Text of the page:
To calibrate variable delay 184, switch 170 is opened and switch 208 is closed so that filter input 174 carries a clock signal generated by clock 206. The clock signal is a filtered square wave, which provides a better data sample for aligning clock signal 194 with filter output 176. Preferably, the clock signal produced by clock 206 matches the expected servo frequency.

FIGS. 5(1) through 5(6) show the signals of demodulator 160 with the clock signal from clock 206 provided at filter input 174 before delay 184 has been calibrated. Each of the timing diagrams shares a common horizontal time axis. FIG. 5(1) depicts the clock signal on filter input 174, which is centered about 0.

FIG. 5(2) shows filter output 176, which is a filtered version of the clock signal from clock 206. In FIGS. 5(1) through 5(6), filter 172 has not been adjusted yet and as such performs a low-pass filter function with an initial cut-off frequency. In simulations, this initial cut-off frequency has been maximized at about 3.2 times the fundamental frequency of the position error signal. However, the initial cut-off frequency can be adjusted to accommodate changes in the method described below for tuning filter 172. In any case, filter 172 filters the clock signal from clock 206, producing a sinusoidal signal at filter output 176.

FIG. 5(3) shows qualifier output 182, which provides a single pulse for each peak in filter output 176. The pulses are not aligned with the peaks in filter output 176 because of delays found in pulse qualifier 178.

FIG. 5(4) shows delayed signal 190, which is identical to qualifier output 182 of FIG. 5(3) before variable delay 184 has been calibrated. Delayed signal 190 causes phase-locked loop 192 to generate clock signal 194 of FIG. 5(5). For each positive going transition in delayed signal 190, clock signal 194 has a transition. Preferably, clock signal 194 is centered about zero.

FIG. 5(6) shows product signal 196, which is produced by multiplying clock signal 194 of FIG. 5(5) with filter output 176 of FIG. 5(2). Because of the delay produced by pulse qualifier 178, product signal 196 is asymmetrical with smaller portions above zero and larger portions below zero.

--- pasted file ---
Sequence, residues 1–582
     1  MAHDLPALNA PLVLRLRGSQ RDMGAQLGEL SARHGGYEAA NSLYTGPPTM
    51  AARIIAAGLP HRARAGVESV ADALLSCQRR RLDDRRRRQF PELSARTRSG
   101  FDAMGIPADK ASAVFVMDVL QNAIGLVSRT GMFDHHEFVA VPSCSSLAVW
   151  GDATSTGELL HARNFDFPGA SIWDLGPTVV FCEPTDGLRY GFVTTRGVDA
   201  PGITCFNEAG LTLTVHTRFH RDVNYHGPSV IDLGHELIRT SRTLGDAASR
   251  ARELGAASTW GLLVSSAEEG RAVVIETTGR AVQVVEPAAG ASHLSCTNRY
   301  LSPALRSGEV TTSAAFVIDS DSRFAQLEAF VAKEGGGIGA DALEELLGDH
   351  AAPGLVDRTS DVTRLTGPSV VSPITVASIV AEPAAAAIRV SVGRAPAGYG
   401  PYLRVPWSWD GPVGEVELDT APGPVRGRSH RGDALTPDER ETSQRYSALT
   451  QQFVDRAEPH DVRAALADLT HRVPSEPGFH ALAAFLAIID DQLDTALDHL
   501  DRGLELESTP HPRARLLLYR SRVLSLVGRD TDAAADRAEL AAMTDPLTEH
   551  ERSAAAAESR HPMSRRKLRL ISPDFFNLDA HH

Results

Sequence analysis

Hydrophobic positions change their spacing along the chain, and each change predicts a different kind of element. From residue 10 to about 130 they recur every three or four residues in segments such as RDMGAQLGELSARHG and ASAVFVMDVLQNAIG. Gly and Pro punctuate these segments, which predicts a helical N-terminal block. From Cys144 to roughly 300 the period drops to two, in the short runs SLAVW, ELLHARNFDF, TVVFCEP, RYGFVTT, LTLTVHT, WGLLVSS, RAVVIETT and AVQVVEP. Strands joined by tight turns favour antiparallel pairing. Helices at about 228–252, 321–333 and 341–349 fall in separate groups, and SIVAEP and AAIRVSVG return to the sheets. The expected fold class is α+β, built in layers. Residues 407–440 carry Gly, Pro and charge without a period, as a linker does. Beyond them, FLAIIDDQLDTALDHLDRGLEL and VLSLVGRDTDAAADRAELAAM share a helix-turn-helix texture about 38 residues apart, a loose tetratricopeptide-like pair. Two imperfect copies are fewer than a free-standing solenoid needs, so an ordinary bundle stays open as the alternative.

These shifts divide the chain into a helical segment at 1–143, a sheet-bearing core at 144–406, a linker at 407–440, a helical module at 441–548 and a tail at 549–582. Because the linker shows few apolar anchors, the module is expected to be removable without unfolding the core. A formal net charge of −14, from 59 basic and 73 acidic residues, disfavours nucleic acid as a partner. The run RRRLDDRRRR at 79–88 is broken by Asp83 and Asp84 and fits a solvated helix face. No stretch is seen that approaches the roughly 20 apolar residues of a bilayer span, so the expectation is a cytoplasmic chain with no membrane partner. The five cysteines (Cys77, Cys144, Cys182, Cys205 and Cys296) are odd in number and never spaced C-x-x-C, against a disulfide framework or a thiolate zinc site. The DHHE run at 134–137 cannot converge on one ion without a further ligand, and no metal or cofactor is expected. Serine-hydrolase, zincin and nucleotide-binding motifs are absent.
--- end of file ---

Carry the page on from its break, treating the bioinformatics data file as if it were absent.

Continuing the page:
Integrator 198 of FIG. 2 integrates product signal 196 of FIG. 5(6) to produce integrand signal 200, which is sampled by A-to-D converter 202. Because of the asymmetrical shape of product signal 196, integrand signal 200 will be a large negative value. Thus, digital integrands 204 produced by A-to-D converter 202 will contain a series of large negative values.

The negative values of digital integrands 204 cause control logic 188 to adjust the delay of variable delay 184 through delay control 186. This adjustment continues until the values of digital integrands 204 are equal to zero.

FIGS. 6(1) through 6(6) depict the signals of demodulator 160 when variable delay 184 has been adjusted so that digital integrands 204 are equal to zero. Specifically, FIGS. 6(1), 6(2) and 6(3) depict signals at filter input 174, filter output 176, and qualifier output 182, which are identical to the signals shown in FIGS. 5(1), 5(2) and 5(3), respectively.

FIG. 6(4) shows delayed signal 190 after variable delay 184 has been adjusted such that upward transitions in delayed signal 190 occur at the center of the positive and negative peaks of filter output 176. Based on delayed signal 190, phase-locked loop 192 produces clock signal 194, shown in FIG. 6(5), which has transitions aligned with the peaks in filter output 176 of FIG. 6(2).

Product signal 196 of FIG. 6(6) is the product of clock signal 194 and filter output 176. Since transitions in clock signal 194 occur at the peaks of the pulses of filter output 176, the positive and negative portions of product signal 196 are symmetrical relative to each other, and thus product signal 196 integrates to a value approaching zero.

When transitions in clock signal 194 are properly aligned with the center of the peaks in filter output 176, the amount of delay created by variable delay 184 is ideal for detecting asymmetry in the pulses of read signal 158. To maintain this delay during asymmetry detection, digital signal processor 142 disables the adjustment functions of control logic 188 so that the delay remains fixed. Digital signal processor 142 also opens switch 208 to remove the clock signal of clock 206 from filter input 174, then closes switch 170 permitting read signal 158 to pass through filter 174.

FIGS. 7(1) through 7(6) show graphs of various signals of demodulator 160 with the delay of variable delay 184 fixed at the delay shown in FIG. 6(4) and read signal 158 at filter input 174. In this state, demodulator 160 can detect pulse asymmetry as discussed below.

FIG. 7(1) depicts the read signal at filter 174, which has the shouldering and high frequency noise typically found in a read signal. Each pulse in the read signal is similar to pulse 230, with a peak 232 located between two zero crossings 234 and 236.